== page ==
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The moment you walk onto the corner of Smith’s Street andWhittle

Road, your eyes immediately rest on the dilapidated, worn down

building bearing the faded sign,

‘Sunny Days Old Folks Home, where your

elderly are respected.’

The once bright orange and yellows of the

billboard was the only suggestion of colour on the front façade. The

wooden weatherboards of the old building had started to rot and fall

apart, held together only by ancient, rusted nails, that didn’t appear

to be able to hold much in place.

Bert Partridge noticed these unappealing aspects when his eyes

lay on the building that his family had forced him to move into.

‘You’re unsafe to the family.’

His daughter’s voice fills his head. When he

walked over the threshold of the old building with his carer, the

scent of musk and Glen 20 air freshener wafted up Bert’s nose,

clogging up his senses. A pat on the arm snapped Bert from his air-

freshener induced thoughts, and brought his attention to a plump

middle-aged woman staring at him with pity in her eyes.

‘You must be Mr. Partridge.’ The lady spoke with a southern

drawl, her words kind but her tone clipped. ‘My name is Mrs. Doyle.’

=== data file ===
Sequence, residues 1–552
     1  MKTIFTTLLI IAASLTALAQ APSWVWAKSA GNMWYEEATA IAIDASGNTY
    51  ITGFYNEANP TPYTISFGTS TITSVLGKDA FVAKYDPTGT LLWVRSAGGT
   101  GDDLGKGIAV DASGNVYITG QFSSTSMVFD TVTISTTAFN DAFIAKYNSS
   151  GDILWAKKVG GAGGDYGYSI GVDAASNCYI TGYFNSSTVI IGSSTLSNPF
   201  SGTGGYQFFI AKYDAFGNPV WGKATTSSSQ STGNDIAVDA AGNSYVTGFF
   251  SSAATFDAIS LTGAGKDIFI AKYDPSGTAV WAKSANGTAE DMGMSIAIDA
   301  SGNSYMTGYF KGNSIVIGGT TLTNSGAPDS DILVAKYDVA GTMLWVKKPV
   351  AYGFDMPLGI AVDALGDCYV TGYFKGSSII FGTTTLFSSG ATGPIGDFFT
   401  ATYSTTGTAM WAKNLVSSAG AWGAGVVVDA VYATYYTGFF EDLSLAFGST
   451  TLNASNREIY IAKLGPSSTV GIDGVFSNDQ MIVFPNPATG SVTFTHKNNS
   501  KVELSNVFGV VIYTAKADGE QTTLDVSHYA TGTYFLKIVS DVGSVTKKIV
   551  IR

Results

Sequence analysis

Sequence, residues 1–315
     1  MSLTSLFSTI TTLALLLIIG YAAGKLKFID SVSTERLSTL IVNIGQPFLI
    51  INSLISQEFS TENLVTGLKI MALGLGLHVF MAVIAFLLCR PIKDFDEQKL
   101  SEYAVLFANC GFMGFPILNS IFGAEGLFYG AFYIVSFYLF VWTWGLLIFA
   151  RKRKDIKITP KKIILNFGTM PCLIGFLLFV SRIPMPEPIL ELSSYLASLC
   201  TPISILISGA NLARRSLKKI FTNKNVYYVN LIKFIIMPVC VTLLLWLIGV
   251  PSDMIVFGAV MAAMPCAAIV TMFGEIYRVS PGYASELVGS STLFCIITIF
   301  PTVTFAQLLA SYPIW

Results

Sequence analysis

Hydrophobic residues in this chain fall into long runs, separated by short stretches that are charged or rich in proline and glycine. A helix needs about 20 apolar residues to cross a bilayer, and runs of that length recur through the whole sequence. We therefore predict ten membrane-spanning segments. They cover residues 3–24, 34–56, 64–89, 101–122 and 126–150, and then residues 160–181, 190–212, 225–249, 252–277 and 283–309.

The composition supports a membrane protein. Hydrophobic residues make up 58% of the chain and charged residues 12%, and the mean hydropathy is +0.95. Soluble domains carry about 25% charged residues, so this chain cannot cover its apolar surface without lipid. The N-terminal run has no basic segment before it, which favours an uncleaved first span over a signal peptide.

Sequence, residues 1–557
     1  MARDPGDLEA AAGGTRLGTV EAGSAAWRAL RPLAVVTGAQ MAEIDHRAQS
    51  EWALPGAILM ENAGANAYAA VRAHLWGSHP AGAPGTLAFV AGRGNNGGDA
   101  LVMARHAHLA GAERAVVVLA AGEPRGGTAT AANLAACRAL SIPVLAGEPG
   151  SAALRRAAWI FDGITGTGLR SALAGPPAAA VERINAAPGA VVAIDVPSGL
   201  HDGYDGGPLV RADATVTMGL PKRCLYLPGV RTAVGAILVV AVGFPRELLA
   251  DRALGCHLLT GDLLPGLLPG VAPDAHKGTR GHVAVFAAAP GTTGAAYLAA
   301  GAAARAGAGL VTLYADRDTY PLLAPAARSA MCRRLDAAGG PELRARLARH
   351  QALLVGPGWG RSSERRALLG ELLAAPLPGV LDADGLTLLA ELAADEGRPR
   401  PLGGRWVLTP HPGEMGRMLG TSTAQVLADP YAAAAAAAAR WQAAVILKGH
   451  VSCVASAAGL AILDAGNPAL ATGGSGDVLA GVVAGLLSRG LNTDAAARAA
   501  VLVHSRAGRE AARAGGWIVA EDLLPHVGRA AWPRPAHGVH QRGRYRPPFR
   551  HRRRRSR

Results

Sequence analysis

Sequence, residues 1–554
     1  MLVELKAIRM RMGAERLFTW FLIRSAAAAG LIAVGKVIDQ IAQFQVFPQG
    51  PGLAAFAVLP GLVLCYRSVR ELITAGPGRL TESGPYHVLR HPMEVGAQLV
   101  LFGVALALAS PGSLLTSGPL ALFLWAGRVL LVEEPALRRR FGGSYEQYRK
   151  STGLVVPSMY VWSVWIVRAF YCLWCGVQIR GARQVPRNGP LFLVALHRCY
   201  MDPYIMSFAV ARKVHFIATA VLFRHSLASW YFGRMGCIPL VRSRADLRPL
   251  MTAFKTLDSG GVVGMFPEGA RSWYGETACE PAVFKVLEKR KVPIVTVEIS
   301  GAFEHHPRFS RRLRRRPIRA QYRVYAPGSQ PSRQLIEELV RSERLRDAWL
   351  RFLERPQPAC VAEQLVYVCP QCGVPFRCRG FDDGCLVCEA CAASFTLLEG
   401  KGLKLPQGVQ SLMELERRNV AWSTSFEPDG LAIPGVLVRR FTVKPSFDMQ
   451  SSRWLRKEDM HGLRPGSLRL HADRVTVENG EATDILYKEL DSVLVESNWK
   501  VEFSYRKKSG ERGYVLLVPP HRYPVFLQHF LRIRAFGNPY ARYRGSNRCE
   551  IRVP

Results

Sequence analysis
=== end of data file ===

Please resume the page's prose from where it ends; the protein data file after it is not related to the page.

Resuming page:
She drew out the syllables of her name, as if Bert was a child of a

young age.

‘Yes that’s right, Mrs… Mrs… Ms…? I beg your pardon, what did

you say your name was?’ Bert searched his memory, or lack of one,

for a name of the woman standing right in front of him.

‘Mrs. Doyle.’ She spoke, again drawing out the sounds of her

name. ‘Welcome to Sunny Days. I hope you’re looking forward to

your stay as much as we are.’ Mrs. Doyle announced the welcoming

with the attitude of a hotel concierge, the faux happiness not so well

disguised. It was then that Bert finally looked around the room he

was standing in. He took in the moth-eaten couch, the type that was

decorated in floral patterns but always looked dirty. He glanced

down at the mottled grey carpet that covered the entire sitting room.

His eyes finally travelled to an elderly man in the corner of the room,

asleep, his soft snores filling in the void of silence that had

accumulated in the room. It was then that Bert realised that this was

not a place he wanted to be.

‘I’m just going to go outside for some air.’ He wheezed as he

registered how constricting and stuffy the room was. Before he was

given an answer, Bert unglued himself from his carer and took slow,

thumping steps outside. Once outside, Bert’s feet didn’t stop where


Rosie Roberts